Near real time satellite tracking of striped marlin (Kajikia audax) movements in the Pacific Ocean
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- Holdsworth, J.C., Sippel, T.J. & Block, B.A. Mar Biol (2009) 156: 505. doi:10.1007/s00227-008-1104-y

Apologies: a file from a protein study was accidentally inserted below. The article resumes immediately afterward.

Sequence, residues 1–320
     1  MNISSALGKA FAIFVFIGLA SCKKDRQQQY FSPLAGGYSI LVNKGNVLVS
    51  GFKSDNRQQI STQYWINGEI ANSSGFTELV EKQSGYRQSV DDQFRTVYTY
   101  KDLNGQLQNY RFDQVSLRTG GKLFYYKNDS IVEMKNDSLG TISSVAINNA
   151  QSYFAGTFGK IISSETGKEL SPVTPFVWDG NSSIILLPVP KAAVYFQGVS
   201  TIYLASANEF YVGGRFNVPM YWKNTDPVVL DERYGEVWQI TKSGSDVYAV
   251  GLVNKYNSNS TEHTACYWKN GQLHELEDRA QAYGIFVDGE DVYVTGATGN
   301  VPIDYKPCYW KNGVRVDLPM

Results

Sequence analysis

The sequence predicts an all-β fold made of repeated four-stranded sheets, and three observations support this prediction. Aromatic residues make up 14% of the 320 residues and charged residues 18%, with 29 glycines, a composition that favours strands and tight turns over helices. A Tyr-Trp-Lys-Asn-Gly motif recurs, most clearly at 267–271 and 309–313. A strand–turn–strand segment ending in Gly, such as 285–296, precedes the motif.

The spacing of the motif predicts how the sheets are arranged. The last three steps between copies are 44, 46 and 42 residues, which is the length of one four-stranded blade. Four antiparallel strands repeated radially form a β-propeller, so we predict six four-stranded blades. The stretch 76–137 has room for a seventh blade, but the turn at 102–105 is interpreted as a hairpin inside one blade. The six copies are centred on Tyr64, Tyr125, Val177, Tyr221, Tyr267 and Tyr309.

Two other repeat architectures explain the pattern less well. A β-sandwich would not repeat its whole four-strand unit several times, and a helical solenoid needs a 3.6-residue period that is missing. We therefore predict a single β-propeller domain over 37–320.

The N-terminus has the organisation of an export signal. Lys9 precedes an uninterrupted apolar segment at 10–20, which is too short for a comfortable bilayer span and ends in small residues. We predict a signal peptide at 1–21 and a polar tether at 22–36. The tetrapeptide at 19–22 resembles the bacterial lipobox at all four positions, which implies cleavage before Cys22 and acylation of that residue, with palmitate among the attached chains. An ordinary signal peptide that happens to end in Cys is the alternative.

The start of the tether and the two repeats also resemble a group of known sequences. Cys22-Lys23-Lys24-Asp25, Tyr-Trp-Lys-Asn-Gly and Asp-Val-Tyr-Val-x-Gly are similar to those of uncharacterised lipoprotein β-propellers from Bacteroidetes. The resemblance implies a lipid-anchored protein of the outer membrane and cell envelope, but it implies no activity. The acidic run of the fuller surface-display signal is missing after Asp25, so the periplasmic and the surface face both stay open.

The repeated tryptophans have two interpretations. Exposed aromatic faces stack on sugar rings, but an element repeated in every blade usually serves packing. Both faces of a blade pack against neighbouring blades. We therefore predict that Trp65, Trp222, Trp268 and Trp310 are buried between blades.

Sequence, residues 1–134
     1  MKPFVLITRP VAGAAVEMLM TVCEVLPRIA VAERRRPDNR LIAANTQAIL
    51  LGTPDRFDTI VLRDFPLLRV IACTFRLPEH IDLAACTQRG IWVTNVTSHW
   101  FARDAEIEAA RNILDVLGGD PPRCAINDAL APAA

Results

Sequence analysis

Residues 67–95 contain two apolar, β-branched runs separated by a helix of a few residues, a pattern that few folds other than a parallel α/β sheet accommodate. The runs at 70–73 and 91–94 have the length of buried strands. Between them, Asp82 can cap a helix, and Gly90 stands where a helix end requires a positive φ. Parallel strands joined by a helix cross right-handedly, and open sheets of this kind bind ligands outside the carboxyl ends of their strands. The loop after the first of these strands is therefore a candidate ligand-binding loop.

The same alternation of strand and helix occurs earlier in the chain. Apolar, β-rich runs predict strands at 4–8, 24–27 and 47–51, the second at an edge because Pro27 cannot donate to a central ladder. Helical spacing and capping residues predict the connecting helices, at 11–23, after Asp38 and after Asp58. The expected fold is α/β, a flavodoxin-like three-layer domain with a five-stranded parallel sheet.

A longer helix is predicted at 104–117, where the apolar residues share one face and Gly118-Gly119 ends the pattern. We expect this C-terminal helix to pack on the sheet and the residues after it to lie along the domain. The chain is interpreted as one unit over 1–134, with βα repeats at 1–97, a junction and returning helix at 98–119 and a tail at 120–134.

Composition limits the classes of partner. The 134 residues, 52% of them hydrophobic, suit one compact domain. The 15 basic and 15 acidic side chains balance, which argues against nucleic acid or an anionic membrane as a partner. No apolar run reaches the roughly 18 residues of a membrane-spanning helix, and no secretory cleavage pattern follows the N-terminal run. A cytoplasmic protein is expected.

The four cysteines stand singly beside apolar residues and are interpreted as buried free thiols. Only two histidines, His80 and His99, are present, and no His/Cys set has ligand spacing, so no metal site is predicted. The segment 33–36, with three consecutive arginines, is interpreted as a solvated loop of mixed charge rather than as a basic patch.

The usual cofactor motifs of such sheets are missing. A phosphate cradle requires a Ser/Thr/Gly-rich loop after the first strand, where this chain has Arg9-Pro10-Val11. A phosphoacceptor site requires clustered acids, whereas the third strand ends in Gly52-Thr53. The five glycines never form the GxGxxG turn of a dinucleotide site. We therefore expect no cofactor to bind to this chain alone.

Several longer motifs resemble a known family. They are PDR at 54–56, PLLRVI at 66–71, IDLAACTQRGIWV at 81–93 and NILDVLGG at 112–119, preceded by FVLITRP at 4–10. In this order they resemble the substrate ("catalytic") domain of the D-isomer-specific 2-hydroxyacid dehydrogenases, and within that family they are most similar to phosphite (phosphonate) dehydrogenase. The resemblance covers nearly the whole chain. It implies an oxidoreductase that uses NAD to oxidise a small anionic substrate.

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High-resolution satellite locations were obtained from striped marlin using Argos transmitters attached to the upper lobe of the caudal fin. Twenty-six striped marlin were tagged off New Zealand (2005–2007) and tracked as far as the central Pacific Ocean. Caudal fin mounted Argos tags generated 1,524 locations during a total of 659 tracking days [mean 25 (±21.24) days per fish and 2.3 (±2.30) locations per day]. 38% of locations have an estimated accuracy of ±1 km or better. Displacement rates from high quality locations ranged from 2.9 to 170.8 km in a 24 h period, with a mode at 20–30 km and a mean of 45 km/day. The caudal fin attachment methodology and antenna configuration was adjusted each season to improve transmission life and data quality, with the best results obtained in the last year of deployments (2007). The longest track duration was 102 days, with a total displacement of 4,959 km and a total track distance from all locations received of 6,850 km. Tag shedding and antenna failure appear to have limited the duration of tracks from SPOT tags. The high temporal and spatial resolution data revealed behaviours not previously observed in striped marlin, including associations to subsurface bathymetric features. High resolution location data such as these are useful inputs for statistical models used to investigate habitat selection and switching between different behavioural modes. The geolocations calculated using ukfsst estimates from PAT tag data had RMS errors of 1.01° latitude and 0.59° longitude when compared with SPOT tag Argos locations.